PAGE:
Choice is creating greater anxiety and the antidote is frequently more research, more assurances and greater reliance on committee-based decision making.
B2B Buying Process is Performed Among Larger Committees
B2B buying is being performed by an increasing number of individuals in the decision-making process, where less importance is placed on connecting with individuals and more emphasis is placed on helping the group effectively reach a decision. These buying teams, ranging from 7 to 20 people, represent a wide variety of jobs, functions, and geographies. As the number of people involved in a buying decision increases, the likelihood of actually buying decreases. More so, it takes 5 to 6 prospects to agree for a sale to even progress. Also there is an increasing level of involvement from a procurement function to help apply a more formal cost saving process across company-wide buying.
How Do You Adapt to the Changing B2B Buying Landscape?
“Selling has always been more about the buyer than the seller, so any effective sales model must adapt to changing buying protocols,” stated Frank Cespedes, senior lecturer at Harvard Business School, and Tiffani Bova, research vice president at Gartner in a recent Harvard Business Review (HBR) article. Some CEOs and VP of Sales are not only recognizing the changing B2B buyer landscape but also taking action to adapt how their teams sell.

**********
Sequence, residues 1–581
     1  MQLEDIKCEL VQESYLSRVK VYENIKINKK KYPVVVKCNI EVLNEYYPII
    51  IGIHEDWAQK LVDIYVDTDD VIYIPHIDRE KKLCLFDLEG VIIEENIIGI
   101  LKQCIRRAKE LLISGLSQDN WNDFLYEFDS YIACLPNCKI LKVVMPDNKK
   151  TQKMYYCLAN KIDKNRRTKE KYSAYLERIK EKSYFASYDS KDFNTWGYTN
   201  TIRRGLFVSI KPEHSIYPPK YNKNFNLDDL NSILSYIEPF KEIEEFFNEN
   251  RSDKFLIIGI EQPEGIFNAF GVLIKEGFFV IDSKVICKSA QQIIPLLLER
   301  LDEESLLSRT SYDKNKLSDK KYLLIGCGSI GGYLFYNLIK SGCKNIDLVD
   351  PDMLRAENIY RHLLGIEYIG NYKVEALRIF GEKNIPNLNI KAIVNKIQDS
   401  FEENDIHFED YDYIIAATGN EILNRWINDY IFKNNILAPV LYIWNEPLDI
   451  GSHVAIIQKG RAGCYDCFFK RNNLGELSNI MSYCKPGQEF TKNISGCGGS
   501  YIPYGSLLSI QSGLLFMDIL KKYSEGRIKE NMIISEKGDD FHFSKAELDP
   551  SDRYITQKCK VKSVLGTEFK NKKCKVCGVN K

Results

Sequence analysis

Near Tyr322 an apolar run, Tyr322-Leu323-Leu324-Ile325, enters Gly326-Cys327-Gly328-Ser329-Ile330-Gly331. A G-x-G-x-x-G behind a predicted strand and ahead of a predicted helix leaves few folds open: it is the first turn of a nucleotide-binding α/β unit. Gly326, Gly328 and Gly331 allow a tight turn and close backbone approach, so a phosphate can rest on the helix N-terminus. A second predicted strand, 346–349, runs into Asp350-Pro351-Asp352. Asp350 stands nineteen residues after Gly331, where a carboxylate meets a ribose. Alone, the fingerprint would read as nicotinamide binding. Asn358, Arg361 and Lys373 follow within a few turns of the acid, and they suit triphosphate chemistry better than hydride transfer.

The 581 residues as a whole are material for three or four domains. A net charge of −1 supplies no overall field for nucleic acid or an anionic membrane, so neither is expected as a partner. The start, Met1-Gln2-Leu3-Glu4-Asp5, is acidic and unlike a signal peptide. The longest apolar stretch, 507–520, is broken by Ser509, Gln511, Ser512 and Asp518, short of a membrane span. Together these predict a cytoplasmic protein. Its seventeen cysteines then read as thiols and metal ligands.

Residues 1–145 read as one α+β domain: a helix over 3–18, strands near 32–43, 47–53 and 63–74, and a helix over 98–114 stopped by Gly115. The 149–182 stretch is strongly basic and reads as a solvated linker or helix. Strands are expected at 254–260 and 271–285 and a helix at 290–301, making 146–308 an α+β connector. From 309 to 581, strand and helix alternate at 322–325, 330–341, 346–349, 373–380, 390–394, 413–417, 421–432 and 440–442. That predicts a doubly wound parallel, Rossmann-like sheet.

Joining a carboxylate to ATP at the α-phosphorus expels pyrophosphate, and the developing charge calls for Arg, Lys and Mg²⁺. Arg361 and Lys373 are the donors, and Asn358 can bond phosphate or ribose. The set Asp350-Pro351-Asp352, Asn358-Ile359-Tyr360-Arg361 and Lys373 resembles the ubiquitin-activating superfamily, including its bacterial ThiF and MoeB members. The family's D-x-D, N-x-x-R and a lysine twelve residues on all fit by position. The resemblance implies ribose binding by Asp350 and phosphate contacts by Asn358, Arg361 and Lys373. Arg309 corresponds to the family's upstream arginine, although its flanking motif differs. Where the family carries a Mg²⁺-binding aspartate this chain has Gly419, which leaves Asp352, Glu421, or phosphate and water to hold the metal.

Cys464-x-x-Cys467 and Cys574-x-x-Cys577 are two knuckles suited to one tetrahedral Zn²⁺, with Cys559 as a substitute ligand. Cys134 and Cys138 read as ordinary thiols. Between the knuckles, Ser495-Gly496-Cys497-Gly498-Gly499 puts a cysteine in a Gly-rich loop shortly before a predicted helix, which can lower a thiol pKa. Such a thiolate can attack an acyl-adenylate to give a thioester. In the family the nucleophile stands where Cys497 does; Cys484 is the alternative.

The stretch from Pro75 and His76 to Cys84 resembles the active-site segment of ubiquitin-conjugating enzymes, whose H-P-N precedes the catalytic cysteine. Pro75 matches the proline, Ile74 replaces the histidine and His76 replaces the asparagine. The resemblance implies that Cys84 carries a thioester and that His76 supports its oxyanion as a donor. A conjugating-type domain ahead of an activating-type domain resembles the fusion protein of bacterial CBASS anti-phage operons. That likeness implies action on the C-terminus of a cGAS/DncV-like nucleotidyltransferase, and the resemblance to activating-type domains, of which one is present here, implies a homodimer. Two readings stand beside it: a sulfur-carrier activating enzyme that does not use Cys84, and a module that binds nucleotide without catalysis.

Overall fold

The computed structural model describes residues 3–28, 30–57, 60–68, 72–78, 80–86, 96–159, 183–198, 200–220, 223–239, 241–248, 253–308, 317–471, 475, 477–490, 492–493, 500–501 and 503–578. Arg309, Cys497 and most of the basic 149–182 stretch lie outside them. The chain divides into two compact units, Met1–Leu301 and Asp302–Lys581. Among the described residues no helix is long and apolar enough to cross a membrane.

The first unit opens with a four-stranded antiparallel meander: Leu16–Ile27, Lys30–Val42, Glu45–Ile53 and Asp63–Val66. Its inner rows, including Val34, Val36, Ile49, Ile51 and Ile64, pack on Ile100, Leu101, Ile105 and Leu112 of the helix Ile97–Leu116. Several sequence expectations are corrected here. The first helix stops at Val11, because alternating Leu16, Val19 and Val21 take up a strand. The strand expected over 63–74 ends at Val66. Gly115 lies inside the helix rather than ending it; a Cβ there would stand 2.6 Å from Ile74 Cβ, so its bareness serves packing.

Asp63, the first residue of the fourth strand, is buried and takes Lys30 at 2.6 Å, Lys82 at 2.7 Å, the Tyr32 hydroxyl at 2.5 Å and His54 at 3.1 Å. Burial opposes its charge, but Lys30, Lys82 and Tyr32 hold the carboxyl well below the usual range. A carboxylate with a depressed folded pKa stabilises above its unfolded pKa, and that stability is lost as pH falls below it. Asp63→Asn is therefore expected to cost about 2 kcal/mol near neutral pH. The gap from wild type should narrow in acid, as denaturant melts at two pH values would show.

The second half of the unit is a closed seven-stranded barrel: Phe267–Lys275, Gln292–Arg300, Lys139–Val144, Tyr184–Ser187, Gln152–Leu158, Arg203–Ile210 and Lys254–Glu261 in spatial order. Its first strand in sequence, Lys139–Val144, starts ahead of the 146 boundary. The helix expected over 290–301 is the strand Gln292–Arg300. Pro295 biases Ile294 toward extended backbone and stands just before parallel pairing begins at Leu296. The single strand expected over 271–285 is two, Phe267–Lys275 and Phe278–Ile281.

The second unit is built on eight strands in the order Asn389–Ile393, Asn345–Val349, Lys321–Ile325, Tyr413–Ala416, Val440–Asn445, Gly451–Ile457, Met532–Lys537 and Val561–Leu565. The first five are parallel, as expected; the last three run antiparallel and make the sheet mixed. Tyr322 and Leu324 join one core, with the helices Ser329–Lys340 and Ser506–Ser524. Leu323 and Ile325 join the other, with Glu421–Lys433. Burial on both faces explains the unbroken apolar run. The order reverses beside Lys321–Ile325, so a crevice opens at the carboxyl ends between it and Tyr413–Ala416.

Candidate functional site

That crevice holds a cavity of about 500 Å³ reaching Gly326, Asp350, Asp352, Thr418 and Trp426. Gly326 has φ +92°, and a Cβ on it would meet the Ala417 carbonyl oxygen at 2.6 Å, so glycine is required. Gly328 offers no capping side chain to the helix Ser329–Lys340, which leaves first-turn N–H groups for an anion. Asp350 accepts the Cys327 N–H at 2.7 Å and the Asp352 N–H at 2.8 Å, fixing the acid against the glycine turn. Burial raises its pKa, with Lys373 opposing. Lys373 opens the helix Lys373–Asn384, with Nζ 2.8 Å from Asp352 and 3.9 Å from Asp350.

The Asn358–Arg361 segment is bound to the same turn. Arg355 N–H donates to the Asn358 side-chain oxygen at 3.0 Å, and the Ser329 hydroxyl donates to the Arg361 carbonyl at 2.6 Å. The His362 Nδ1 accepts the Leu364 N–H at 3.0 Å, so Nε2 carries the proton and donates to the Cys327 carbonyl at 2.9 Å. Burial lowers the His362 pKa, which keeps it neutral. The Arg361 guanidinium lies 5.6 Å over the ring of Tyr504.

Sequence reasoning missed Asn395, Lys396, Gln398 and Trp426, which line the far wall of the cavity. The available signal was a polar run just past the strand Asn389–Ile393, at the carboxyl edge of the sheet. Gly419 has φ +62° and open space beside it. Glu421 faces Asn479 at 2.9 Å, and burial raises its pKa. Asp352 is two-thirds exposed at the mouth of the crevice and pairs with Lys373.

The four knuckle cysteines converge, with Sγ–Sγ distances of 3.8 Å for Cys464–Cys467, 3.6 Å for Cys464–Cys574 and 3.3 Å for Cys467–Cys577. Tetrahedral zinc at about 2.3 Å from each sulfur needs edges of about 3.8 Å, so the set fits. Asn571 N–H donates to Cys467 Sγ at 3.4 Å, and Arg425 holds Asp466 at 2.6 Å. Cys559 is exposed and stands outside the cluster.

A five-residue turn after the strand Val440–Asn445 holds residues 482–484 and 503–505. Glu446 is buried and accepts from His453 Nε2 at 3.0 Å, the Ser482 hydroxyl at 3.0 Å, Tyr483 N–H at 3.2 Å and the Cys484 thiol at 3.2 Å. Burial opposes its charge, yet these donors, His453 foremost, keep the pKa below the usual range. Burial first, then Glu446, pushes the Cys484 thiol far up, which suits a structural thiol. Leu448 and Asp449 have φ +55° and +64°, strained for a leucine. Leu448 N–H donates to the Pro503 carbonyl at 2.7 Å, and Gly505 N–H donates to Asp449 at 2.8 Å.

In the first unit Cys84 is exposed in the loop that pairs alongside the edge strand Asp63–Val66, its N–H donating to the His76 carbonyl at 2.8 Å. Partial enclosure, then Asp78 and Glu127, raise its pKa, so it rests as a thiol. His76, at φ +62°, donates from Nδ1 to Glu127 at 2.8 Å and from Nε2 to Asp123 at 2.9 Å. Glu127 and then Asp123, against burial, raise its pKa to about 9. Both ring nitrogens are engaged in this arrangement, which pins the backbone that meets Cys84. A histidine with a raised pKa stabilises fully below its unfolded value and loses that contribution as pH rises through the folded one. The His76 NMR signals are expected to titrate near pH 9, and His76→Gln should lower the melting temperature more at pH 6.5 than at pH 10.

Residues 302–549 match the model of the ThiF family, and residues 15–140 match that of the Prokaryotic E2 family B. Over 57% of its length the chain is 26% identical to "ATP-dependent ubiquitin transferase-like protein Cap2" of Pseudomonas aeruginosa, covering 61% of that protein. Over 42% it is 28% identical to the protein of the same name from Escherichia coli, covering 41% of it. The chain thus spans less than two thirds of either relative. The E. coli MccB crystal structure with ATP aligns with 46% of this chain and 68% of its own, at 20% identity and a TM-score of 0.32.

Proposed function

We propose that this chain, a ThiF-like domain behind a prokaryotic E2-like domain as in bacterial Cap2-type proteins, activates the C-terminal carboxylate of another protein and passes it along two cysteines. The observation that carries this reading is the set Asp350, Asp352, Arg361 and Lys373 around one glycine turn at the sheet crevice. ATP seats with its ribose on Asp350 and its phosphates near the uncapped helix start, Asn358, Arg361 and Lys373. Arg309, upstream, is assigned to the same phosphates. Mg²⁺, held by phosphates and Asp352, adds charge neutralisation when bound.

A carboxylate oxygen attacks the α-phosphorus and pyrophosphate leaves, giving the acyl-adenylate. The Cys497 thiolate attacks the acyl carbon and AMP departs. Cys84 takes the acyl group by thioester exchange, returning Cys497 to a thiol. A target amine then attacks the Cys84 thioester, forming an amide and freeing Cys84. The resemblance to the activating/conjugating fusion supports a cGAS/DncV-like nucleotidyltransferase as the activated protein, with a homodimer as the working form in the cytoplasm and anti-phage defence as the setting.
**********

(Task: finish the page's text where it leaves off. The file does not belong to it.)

Feeding the Buyer’s Early Research Needs
B2B buyers are now relying on content to guide them through the complex and challenging buying process, from research to decision. B2B buyers review an average of 10.4 sources in any buying situation; the more costly or complex the sale, the more content viewed. And a 2014 DemandGen report found that almost 70% of buyers have increased the amount of content used to research and evaluate their purchases.
Marketing and Sales Are Finding Alignment
On average, buyers will have six interaction across marketing channels before contacting a salesperson. However, almost 65 percent of those prospective buyers will come away from the interaction frustrated by inconsistent experiences.
An effective sales process aligns marketing and sales to ensure consistent brand communications across all marketing channels. A buyer doesn’t differentiate a conversation with a business’ salesperson different than reading a white paper – it is all an extension of the same brand. Developing and documenting a message platform which includes personas, value proposition, core messaging, and points of difference ensures consistency across the B2B buying process. The reward for alignment is great. According to Hubspot, “Companies with aligned sales and marketing teams are 67% better at closing deals and generate 208% more revenue from marketing efforts.”